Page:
ByBARBARA FEDER OSTROV & ANA B. IBARRA | CalMatters
Californians frustrated by the never-ending hunt for COVID-19 vaccine appointments may have to wait several weeks until appointments are more readily available, Blue Shield’s CEO said in an interview with CalMatters Friday.
Blue Shield, the insurer tasked to oversee the state’s vaccine distribution, is aware of Californians’ frustrations and health care providers’ complaints, and is working to quickly expand distribution so that everyone who wants a dose can get one, CEO Paul Markovich said.
“Immediately on the first day, there probably won’t be availability for everybody, just because…when you make millions of people eligible overnight, there’s not millions of appointments immediately available at that moment,” Markovich said. “But I would say by the time we get to the end of April, or potentially early May, I don’t think that’s going to be an issue.”
Blue Shield says California now has the capacity to administer 4 million vaccines a week. But to meet that capacity, manufacturers have to deliver the vaccine supply they have promised, Markovich said.
The scope of California’s vaccination push is massive. To date, 16.4 million vaccine doses have been administered, more than the amounts that some entire countries — Russia and Germany — have administered. About 18% of Californians are fully vaccinated, but far more are needed to achieve the herd immunity that will ease pandemic restrictions.
California is expected to receive 2.5 million vaccines per week in early April and close to 3 million by the second half of the month. That’s a substantial increase from the approximate 1.8 million vaccines a week the state is currently receiving. The boost allows California to expand eligibility to residents who are 50 and older starting Thursday, and then to everyone 16 and older beginning on April 15.
At the same time, two mass vaccination sites in Oakland and Los Angeles run by federal and state agencies are expected to close April 11, California officials announced today. The federal-state pilot project ends then, although the local health agencies may take over the sites
California’s no-bid, abruptly-announced contract with Blue Shield to oversee vaccine distribution has been controversial. Some counties refused to sign a contract with the insurer, fearing giving authority to a private company. Counties now are allowed to sign modified agreements with the state to join Blue Shield’s network.
In a troubleshooting meeting today for vaccinators, some doctors complained that they had tried to sign up with Blue Shield yet couldn’t get doses for their patients.
But that’s by design, Markovich said. Blue Shield first will bring on board the clinics and doctors who can reach the most people, he said.
“We’re certainly going to get back to everybody who’s interested,” Markovich said. “But some of that delay has been intentional. We didn’t see a lot of point in making them go through the work if they were going to then have to potentially wait three or four or more weeks” for doses.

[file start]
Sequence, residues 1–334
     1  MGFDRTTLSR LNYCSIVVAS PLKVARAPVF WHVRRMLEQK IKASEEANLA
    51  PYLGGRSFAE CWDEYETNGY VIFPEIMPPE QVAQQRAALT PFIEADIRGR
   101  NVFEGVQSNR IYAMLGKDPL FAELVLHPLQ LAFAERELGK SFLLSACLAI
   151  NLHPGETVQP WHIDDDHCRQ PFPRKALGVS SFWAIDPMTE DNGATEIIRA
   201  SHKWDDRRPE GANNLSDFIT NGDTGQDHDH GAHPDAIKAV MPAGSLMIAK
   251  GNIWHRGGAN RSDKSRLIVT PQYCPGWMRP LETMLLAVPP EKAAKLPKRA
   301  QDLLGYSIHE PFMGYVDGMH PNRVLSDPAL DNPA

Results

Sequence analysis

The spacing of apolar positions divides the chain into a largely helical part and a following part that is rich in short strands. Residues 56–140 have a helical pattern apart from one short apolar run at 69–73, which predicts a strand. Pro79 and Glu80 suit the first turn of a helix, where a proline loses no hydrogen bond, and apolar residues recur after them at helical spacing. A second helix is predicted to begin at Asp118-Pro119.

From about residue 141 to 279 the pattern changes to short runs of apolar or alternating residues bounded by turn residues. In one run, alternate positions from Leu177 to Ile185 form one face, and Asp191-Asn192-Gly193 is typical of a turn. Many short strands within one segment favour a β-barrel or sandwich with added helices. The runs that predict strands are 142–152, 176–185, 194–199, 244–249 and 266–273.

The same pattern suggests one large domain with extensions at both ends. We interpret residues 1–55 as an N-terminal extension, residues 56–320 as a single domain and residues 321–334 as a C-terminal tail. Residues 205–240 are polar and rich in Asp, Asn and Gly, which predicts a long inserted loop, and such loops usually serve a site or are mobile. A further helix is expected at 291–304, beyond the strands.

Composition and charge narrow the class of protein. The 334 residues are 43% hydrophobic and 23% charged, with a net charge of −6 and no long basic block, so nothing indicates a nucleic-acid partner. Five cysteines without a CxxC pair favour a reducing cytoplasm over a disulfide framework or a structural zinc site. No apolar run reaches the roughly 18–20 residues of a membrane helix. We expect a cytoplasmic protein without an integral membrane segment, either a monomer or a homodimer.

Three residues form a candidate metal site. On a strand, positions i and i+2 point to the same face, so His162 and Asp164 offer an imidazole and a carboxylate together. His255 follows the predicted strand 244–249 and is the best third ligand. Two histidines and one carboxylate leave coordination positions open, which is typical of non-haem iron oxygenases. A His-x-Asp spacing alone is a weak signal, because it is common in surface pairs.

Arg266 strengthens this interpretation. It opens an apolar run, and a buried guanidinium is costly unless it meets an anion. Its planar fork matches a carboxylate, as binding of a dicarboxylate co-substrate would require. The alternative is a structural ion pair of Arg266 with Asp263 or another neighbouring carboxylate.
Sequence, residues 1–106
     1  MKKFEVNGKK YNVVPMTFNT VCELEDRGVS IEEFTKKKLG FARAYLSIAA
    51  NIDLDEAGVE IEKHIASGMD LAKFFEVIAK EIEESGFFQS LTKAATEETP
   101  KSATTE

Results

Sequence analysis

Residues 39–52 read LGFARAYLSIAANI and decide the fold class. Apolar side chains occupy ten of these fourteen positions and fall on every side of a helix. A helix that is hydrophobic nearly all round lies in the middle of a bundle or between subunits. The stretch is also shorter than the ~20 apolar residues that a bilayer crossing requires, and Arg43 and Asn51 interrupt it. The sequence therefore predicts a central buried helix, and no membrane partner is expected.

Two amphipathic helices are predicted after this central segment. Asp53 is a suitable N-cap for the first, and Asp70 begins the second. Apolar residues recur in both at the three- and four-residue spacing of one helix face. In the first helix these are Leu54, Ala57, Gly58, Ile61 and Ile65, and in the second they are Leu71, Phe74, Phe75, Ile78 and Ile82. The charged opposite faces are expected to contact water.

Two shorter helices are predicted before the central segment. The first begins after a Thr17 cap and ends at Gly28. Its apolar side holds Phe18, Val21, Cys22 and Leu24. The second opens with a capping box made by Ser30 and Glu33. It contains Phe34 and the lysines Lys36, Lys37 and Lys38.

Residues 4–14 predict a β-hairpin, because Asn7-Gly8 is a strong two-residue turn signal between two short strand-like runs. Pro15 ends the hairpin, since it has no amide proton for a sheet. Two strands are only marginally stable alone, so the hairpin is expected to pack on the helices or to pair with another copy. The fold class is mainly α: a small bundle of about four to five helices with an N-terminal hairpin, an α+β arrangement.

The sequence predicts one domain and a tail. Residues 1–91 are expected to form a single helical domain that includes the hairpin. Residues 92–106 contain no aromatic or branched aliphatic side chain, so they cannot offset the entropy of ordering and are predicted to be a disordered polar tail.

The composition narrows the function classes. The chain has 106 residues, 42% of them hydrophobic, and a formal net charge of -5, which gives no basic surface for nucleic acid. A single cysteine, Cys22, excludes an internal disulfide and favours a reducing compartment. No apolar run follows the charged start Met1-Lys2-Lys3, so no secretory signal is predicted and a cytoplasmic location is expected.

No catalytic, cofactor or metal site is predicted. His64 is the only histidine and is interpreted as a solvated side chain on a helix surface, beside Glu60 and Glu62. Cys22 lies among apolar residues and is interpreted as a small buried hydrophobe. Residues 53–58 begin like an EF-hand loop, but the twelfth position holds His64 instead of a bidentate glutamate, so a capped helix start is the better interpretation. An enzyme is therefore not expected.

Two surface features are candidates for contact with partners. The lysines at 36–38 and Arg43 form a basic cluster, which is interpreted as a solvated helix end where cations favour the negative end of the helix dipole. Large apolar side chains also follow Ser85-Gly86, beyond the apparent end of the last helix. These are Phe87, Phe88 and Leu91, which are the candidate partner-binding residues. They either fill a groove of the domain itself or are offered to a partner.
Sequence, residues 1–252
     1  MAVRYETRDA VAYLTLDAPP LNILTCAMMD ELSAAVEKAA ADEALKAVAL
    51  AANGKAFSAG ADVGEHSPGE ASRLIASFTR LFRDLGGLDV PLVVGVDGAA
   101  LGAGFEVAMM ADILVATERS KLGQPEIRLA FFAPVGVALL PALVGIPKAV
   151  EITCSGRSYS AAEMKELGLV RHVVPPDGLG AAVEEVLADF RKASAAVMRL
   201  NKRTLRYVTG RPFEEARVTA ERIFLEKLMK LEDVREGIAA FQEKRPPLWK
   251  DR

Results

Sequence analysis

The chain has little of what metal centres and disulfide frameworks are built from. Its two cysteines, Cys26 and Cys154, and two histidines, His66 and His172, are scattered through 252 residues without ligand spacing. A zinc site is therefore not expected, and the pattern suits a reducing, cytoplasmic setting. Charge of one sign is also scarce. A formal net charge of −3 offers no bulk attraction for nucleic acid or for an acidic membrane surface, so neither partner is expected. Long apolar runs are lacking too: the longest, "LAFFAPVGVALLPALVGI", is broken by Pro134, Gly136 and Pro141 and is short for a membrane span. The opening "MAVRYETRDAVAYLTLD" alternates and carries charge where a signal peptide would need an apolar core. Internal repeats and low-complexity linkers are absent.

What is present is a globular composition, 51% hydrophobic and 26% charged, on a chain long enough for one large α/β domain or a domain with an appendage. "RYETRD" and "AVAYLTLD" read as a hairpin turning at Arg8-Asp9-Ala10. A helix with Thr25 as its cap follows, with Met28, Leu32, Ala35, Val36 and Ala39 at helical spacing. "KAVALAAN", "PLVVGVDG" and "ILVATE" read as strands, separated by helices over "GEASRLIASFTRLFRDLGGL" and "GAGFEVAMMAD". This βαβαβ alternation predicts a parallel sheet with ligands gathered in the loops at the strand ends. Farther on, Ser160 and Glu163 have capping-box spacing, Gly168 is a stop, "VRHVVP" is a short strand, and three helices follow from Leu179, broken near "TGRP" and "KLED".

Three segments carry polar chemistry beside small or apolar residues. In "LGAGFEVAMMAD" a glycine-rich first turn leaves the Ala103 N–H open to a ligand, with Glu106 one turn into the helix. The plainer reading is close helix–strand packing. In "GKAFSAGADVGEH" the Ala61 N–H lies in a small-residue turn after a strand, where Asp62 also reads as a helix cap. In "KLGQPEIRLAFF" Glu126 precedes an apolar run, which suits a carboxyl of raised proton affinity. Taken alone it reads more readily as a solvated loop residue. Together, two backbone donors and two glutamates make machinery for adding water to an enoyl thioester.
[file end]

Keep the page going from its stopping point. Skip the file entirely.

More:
As of Thursday, only 20 of the 61 county and city health departments had signed onto the new network. Only Kern and Orange counties signed up directly with Blue Shield. Blue Shield’s network so far includes 270 providers with 2,100 sites, including hospitals, pharmacies and community clinics.
Markovich said he expects all counties and more providers to make the switch in the coming days — if not by March 31, the original goal, then soon after that.
Doctors and other providers must sign onto the Blue Shield network to continue getting doses.
A study published Friday found that the age-based approach in California helped white people more than people of color.
For months, the state has been dogged by concerns over equity as Latino and Black Californians hardest hit by the pandemic are being vaccinated at lower rates than white people.
A study published today found that the age-based approach in California helped white people more than people of color. That’s because California’s older population is more white.
Vaccinating all Californians 75 and older would have prevented the deaths of two-thirds of white people compared to 42% of Black people’s deaths and 35% of Latinos’ deaths, according to the study.
“An age-based approach in California benefits the state’s older white populations at the expense of younger BIPOC (Black, Indigenous and people of color) populations with a higher risk of death from COVID-19,” wrote the researchers from the University of California, San Francisco, University of Minnesota and other institutions.
The study suggests that California’s more recent move to put more focus on disadvantaged neighborhoods will improve this inequity.
California this month began earmarking 40% of its vaccine doses for the state’s lowest income and most diverse communities.
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